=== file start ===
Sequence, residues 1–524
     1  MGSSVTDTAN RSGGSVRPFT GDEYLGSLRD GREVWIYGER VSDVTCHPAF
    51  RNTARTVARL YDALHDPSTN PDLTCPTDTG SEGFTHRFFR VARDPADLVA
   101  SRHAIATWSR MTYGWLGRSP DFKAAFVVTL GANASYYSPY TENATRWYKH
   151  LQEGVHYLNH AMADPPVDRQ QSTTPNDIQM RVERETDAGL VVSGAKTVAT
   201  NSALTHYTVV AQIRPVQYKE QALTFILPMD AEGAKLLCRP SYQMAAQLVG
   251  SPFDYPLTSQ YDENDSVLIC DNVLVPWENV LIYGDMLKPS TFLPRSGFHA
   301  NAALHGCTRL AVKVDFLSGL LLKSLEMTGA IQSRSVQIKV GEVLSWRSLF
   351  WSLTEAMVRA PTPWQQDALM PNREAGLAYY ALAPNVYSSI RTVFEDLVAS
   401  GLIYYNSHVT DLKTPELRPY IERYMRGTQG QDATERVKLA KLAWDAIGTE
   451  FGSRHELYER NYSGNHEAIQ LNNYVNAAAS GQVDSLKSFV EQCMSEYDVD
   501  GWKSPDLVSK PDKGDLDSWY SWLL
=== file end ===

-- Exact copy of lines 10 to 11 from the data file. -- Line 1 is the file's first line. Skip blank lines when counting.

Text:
   401  GLIYYNSHVT DLKTPELRPY IERYMRGTQG QDATERVKLA KLAWDAIGTE
   451  FGSRHELYER NYSGNHEAIQ LNNYVNAAAS GQVDSLKSFV EQCMSEYDVD